A rickety aerial protrudes from his cow dung-clad hut in the Hell’s Gate park like a banner of modernity. Despite his semi-nomadic lifestyle, he keeps up to date with international news via his black-and-white TV which runs off a car battery.
This is the reality that officials at the Energy Ministry in the capital Nairobi want to change.
“We have intensified exploration of geothermal resources because we want to find a way to bring the cost of power down and hopefully bring in investors ... By 2030, at least 80 percent of Kenyans will have power,” said Alfred Odawa, chief geologist at the Energy Ministry.
Henry Rotich, an engineer at the ministry, said 20 percent of Kenya’s power would be geothermal by 2018.
Sorting out Kenya’s power problems is particularly pertinent as the country’s 2.393 trillion shilling ($36 billion) economy struggles to get back on its feet after a contested December election led to days of violence in which more than 1,500 people were killed and another 300,000 were displaced.
Inflation stands at around 26 percent, the key tourism sector is still stunted and the economy contracted 1.3 percent in the first quarter compared with 7.7 percent growth in the same period a year ago.
The economy grew 7 percent last year, compared to 6.4 percent in 2006. But it is expected to nearly halve to about 4 percent this year due to the post-election crisis and inflation.
In June, World Bank economist Giuseppe Iarossi urged the Kenyan government to develop its poor infrastructure, particularly power generating capacity, to attract investment.
Iarossi said a competitiveness assessment carried out last year by the bank showed the biggest indirect cost to firms operating in Kenya was from disruptions to power supply.
Attracting foreign investors will be especially hard since electricity prices rose 21 percent at the beginning of July. The Kenya Regulatory Commission slashed electricity subsidies, saying it needed to ensure improvements in quality and supply.
Kenyan industrialists regularly complain that the cost of electricity is too high but officials at main power provider Kenya Electricity Generating Company (KenGen) say the country is still expanding its capacity.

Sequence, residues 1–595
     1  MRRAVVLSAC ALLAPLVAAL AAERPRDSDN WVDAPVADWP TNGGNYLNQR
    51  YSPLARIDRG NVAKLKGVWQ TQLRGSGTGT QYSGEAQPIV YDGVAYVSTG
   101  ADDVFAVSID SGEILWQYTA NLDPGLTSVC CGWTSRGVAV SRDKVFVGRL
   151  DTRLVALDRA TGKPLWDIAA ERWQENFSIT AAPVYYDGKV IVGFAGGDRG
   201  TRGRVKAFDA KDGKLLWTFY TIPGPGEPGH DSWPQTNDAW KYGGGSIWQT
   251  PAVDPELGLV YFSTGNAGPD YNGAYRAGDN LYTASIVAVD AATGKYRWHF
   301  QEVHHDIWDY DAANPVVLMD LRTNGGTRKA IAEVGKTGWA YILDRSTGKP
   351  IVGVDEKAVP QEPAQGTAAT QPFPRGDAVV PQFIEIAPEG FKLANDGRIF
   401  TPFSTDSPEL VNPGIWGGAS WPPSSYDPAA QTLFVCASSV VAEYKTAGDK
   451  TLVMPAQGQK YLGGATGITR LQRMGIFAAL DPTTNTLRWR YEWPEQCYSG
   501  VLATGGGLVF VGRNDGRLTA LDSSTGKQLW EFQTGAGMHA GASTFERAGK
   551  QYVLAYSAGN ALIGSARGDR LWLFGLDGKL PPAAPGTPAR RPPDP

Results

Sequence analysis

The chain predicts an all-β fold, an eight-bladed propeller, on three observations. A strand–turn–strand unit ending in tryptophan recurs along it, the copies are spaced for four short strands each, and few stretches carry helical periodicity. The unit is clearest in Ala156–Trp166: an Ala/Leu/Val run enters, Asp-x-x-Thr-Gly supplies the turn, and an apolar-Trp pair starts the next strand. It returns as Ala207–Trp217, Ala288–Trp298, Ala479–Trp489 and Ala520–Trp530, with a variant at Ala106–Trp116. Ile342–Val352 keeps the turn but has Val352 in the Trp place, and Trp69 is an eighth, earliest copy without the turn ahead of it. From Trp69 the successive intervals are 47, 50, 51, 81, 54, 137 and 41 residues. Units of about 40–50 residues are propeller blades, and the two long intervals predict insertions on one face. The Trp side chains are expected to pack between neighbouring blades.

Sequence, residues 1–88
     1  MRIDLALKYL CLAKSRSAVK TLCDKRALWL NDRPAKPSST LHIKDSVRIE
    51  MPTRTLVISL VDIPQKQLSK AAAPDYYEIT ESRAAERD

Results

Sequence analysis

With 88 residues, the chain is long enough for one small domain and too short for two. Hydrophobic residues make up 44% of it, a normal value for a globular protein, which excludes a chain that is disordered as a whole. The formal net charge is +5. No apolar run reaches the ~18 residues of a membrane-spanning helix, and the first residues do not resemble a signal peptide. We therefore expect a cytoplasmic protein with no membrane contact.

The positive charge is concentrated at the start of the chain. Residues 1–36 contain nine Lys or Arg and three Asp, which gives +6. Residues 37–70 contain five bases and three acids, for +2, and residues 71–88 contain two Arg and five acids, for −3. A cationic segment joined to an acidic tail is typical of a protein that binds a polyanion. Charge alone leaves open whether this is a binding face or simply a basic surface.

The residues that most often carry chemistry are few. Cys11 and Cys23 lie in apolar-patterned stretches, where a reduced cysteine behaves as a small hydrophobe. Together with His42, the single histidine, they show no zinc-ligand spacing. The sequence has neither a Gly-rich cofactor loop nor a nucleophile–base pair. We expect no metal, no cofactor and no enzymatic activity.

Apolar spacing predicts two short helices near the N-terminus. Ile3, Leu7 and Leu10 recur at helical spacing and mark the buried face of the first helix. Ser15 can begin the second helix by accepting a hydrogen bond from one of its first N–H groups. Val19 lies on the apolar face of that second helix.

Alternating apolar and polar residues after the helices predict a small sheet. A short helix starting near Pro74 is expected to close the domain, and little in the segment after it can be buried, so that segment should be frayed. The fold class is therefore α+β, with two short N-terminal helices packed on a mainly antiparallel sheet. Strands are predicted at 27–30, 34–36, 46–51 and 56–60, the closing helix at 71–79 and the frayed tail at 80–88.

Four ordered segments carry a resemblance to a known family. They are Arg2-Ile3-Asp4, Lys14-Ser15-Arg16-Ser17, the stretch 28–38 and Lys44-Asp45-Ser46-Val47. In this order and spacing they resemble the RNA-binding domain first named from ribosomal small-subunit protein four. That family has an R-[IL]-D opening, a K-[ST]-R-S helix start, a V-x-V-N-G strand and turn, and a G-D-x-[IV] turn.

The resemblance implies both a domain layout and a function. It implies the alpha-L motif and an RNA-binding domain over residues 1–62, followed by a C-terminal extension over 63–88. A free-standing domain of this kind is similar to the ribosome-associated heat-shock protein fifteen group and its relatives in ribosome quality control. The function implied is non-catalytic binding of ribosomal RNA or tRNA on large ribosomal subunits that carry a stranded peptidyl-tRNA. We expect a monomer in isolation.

Eddie Njoroge, managing director of KenGen and head of the Union of Producers, Transporters and Distributors of Electric Power in Africa, told Reuters in June that the continent’s electricity producers could raise investment funds by developing clean energy that allows them to sell emission credits.
By focusing its expansion plans on geothermal, Kenya is also fitting into a world trend, according to the United Nations.
The U.N.’s Climate Panel says geothermal energy could provide 2 percent of total global energy production by 2030 at an estimated cost of $20-80/MWh. That compares to less than 0.4 percent of global energy production in 2004.
The Climate Panel says solar power costs an estimated $50-180/MWh.
But geothermal is not Kenya’s only energy project.
KenGen also plans to produce 5 MW from wind turbines on hills near Nairobi and is studying another 12 potential sites. The country is also in talks with neighbouring Tanzania to import compressed natural gas.
In northern Kenya, 11 companies are undertaking seismic and geological surveys for oil, and they say initial tests show the geology is appropriate for oilfields. They plan to start drilling next year.
The companies include China’s CNOOC and firms from Britain, Australia and Kenya, according to the energy ministry.
“You find the same geological formations in southern Sudan, where there is a lot of oil,” said Odawa.